Archive for the ‘PI Business’ Category
Next week the U. S. District Court of California will issue the sentence for Lori Drew, the MySpace “cyberbully” who was convicted of violating the MySpace terms of service when she created a false profile. [See my article, Think Twice Before Going Undercover.] In that piece I talk about some of the considerations for the investigator who is tempted to fabricate an identity on a social networking site in order to gain access to a user’s otherwise private profile.
Here’s a legal issue to mull over. Perhaps this applies in other states, but in California, in criminal cases, the criminal defense investigator or prosecution investigator can’t interview a potential witness without first “clearly identifying himself or herself.” This is found in California Penal Code 1054.8:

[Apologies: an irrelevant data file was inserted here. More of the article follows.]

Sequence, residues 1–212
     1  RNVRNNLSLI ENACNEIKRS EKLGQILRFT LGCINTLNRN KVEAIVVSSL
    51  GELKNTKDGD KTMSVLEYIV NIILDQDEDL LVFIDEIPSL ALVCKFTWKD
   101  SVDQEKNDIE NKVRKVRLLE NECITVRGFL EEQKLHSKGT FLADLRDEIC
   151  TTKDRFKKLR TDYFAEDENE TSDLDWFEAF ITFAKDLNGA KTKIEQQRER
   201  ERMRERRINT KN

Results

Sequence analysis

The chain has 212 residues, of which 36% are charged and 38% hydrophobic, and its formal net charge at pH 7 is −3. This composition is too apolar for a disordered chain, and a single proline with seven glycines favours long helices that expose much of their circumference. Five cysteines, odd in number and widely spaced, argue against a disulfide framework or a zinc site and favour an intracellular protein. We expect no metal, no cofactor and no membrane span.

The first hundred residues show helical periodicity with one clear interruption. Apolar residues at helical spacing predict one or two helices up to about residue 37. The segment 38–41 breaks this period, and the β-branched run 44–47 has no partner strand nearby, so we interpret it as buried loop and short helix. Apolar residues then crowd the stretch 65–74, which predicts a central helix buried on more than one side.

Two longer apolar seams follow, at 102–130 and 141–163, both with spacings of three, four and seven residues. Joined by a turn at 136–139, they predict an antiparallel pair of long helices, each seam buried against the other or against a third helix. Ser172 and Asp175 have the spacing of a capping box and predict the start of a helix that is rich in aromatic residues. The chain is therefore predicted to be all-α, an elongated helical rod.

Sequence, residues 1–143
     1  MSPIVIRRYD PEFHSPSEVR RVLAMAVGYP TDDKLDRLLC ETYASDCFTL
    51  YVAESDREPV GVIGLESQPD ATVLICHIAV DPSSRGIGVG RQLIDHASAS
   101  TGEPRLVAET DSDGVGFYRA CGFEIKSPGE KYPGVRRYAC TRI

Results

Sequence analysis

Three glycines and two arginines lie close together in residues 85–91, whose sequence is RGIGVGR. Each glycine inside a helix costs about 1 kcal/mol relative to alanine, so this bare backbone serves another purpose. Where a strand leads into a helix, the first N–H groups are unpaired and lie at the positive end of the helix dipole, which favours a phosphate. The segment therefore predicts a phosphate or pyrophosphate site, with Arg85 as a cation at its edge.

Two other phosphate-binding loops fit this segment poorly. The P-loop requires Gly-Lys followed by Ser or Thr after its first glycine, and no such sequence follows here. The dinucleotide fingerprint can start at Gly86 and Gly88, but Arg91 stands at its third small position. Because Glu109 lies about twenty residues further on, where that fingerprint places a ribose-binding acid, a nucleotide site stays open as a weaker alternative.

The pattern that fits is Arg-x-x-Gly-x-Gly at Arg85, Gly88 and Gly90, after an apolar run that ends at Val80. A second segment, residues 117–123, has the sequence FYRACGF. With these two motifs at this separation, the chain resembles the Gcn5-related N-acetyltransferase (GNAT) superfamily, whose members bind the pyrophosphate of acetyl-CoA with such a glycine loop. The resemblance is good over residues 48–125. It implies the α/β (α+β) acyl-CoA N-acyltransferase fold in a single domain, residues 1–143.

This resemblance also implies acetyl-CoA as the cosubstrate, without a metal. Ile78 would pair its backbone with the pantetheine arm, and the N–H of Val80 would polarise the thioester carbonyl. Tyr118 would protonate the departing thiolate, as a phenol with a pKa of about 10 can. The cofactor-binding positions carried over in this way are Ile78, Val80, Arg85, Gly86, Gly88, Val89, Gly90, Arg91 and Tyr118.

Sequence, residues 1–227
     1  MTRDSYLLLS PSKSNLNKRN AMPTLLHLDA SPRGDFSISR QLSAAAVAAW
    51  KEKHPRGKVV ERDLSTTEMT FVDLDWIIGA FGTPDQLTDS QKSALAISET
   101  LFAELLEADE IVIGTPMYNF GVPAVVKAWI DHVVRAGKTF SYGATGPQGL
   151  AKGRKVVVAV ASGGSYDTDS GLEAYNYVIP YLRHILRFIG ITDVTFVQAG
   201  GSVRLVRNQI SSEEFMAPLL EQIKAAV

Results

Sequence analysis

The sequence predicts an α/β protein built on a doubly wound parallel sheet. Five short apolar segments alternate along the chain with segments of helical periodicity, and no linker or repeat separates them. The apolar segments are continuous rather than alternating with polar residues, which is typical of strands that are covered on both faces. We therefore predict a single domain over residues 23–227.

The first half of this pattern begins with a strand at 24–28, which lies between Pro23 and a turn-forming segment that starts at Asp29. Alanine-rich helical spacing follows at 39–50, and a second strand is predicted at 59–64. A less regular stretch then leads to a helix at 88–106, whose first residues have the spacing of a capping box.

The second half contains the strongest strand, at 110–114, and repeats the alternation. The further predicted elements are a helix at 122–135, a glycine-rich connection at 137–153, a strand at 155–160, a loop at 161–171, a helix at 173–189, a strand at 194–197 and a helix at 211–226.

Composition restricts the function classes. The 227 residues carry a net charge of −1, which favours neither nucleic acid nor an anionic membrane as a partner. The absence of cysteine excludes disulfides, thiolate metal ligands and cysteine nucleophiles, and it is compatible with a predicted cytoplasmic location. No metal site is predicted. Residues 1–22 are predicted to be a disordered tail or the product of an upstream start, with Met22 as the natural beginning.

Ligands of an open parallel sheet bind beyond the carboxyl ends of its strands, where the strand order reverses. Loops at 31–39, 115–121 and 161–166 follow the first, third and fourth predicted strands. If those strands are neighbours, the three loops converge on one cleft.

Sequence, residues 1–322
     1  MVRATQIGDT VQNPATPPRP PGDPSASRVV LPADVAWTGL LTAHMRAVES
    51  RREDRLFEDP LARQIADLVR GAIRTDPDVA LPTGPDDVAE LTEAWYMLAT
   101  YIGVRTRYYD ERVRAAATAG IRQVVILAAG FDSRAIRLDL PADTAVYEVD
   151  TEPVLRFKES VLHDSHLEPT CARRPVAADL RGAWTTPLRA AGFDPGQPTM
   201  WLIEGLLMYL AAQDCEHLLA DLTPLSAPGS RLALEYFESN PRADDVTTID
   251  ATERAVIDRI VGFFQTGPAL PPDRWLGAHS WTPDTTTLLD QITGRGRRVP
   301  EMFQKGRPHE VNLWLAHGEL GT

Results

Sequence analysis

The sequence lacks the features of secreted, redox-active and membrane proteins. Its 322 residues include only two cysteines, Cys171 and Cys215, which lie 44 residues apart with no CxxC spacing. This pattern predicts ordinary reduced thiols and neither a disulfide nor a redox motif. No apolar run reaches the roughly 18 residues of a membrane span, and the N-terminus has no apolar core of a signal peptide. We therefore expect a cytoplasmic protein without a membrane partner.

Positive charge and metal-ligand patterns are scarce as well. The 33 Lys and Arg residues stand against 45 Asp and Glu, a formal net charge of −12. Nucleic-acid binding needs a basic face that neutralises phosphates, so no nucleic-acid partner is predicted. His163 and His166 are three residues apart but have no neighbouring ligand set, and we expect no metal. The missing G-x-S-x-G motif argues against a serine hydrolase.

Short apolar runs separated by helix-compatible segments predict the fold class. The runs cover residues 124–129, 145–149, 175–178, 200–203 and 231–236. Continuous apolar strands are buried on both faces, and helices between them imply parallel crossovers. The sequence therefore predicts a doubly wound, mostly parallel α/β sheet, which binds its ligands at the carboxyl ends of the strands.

1054.8. (a) No prosecuting attorney, attorney for the defendant, or investigator for either the prosecution or the defendant shall interview, question, or speak to a victim or witness whose name has been disclosed by the opposing party pursuant to Section 1054.1 or 1054.3 without first clearly identifying himself or herself, identifying the full name of the agency by whom he or she is employed, and identifying whether he or she represents, or has been retained by, the prosecution or the defendant. If the interview takes place in person, the party shall also show the victim or witness a business card, official badge, or other form of official identification before commencing the interview or questioning.
(b) Upon a showing that a person has failed to comply with this section, a court may issue any order authorized by Section 1054.5.